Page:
Fair enough. I just kept telling myself that city my elf was very manipulative. Telling everyone what they wanted to hear, doing everyone little favors, gifts here and there. Little does Alistair know that I play to kill him and take the throne. Ferelden will burn.
That is some DLC I would be interseted in.
Joe, you make some good points, particularly that Dragon Age goes some way to opening up avenues for scepticism but then closes them off before they can become truly interesting.
However, I think that if games go down the route of offering players more opportunity to express potentially controversial opinions within the game, then the games ought to be made so as to accommodate those opinions in a more-of-less neutral way, unless they're willing to be seen as projects in social engineering. For example, if I were to choose to play as a Christian in a game, it would be nice if the game didn't keep prompting NPCs to tell me that I'm an idiot.
I think a good example of this done badly is Fable 2, where if you choose to eat meat you get fat, whereas vegetarianism is rewarded. It's a moral statement on something that many people don't necessarily see as a moral issue.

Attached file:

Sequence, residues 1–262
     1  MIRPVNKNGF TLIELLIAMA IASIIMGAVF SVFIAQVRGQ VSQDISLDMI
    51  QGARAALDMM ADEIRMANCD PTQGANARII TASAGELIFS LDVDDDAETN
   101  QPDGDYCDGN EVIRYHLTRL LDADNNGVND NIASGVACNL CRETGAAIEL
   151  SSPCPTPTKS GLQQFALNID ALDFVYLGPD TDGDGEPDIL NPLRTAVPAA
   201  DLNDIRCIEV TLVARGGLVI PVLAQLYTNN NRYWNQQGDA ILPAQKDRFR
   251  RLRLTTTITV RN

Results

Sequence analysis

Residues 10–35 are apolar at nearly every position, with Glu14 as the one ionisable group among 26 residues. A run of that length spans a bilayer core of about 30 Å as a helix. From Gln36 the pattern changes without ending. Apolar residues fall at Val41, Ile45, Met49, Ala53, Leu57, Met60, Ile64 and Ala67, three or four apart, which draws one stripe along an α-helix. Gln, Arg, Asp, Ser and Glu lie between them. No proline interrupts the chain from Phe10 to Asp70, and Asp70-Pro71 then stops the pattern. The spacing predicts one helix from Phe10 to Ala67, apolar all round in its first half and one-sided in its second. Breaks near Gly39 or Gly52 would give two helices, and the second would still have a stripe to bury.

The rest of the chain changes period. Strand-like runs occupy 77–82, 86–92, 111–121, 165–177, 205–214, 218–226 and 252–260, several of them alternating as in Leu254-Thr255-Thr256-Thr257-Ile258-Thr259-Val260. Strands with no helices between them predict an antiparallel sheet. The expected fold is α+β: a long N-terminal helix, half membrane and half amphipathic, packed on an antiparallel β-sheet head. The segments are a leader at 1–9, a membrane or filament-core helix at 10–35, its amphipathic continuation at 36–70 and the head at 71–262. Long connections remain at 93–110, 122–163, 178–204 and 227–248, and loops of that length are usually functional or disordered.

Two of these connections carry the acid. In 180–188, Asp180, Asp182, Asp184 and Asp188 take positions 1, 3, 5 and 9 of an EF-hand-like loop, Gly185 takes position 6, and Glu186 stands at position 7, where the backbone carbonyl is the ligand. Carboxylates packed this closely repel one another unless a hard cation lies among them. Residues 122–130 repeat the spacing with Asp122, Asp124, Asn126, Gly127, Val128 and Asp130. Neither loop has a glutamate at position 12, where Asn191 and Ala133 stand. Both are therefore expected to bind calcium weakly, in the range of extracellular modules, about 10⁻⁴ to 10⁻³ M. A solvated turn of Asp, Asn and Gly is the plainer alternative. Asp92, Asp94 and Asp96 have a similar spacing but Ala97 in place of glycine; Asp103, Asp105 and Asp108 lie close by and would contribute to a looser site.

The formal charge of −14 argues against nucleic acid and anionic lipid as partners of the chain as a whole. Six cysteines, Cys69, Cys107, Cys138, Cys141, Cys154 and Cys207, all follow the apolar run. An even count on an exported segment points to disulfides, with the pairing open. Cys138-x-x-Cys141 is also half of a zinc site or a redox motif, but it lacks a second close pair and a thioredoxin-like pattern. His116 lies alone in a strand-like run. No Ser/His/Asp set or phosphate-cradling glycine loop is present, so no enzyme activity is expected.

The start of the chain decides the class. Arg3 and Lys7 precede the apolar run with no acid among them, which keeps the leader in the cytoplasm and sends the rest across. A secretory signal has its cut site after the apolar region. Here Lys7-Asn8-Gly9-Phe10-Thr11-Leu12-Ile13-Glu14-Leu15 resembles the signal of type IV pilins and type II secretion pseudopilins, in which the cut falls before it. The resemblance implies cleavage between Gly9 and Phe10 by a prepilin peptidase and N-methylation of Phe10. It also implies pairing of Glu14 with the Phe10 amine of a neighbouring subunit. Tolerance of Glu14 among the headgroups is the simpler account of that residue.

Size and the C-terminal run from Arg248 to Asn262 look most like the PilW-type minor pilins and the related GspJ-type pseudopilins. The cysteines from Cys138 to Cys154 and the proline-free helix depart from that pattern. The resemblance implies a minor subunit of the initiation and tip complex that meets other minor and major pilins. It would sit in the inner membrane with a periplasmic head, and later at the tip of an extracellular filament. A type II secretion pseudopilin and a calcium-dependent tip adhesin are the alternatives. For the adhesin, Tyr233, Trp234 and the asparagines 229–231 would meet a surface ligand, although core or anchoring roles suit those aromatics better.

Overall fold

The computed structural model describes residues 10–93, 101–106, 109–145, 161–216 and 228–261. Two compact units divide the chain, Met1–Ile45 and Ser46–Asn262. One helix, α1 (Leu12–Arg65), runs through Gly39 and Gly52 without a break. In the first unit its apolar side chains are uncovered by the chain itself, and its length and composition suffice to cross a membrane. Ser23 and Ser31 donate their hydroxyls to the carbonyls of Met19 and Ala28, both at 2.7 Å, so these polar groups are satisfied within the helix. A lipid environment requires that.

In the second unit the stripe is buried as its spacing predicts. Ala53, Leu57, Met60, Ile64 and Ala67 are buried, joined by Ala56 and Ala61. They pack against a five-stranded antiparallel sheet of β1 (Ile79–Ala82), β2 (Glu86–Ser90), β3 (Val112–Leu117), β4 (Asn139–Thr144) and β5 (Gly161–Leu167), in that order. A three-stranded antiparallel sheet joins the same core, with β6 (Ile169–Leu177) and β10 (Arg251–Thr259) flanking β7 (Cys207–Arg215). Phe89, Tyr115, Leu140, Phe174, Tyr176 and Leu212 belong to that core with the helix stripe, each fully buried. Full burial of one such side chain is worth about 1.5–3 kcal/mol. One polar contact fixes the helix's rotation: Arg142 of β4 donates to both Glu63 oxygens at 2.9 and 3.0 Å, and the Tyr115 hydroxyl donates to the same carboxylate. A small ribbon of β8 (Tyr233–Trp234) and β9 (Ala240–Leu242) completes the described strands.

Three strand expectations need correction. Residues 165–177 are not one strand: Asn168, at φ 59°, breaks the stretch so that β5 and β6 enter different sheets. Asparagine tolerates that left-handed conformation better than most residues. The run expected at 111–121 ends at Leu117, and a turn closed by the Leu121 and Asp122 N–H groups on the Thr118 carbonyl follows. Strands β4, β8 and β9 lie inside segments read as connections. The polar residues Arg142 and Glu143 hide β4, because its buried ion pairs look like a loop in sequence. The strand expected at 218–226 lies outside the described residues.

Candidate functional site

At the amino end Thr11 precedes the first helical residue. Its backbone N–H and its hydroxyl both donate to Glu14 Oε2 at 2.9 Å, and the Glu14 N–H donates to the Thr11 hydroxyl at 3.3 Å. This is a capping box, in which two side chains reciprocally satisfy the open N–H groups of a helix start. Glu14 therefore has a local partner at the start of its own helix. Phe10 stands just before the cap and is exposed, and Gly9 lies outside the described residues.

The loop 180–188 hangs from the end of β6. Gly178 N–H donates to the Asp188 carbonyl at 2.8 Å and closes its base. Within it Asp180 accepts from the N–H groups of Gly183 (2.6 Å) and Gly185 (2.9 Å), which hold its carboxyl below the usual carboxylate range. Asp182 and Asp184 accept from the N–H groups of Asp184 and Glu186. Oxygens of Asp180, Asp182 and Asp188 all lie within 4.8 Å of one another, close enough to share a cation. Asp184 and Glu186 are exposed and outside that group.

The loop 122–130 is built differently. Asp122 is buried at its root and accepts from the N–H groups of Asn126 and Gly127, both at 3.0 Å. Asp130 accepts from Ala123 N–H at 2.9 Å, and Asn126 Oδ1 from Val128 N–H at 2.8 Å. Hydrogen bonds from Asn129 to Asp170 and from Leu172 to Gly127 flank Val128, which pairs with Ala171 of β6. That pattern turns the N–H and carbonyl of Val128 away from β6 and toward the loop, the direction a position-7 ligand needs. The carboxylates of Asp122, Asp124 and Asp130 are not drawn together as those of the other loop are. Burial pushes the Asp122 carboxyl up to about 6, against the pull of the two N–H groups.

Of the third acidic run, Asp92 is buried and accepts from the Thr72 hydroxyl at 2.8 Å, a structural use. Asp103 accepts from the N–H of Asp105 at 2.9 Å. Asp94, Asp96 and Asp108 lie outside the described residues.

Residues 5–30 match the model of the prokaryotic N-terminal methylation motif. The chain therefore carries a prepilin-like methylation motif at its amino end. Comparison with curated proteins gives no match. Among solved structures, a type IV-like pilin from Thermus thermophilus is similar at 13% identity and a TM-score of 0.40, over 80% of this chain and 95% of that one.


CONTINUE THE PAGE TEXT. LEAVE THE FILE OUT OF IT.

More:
Personally, I would like to see opportunities in games to support companies who are trying to turn a profit. It seems that in so many games (and films, etc.) today, big companies are always "the bad guy" - invariably corrupting or oppressing someone or something. Wonderful, perhaps, if you're inclined to believe that companies often commit evil acts, and in real life you're sitting in the Gulf of Mexico holding a "BP must die" banner, but if, on the other hand, you have a more capitalist disposition, it would be nice to have in-game opportunities (beyond, say, Civilization) to find yourself in a position where companies and profit are not the root of all evil.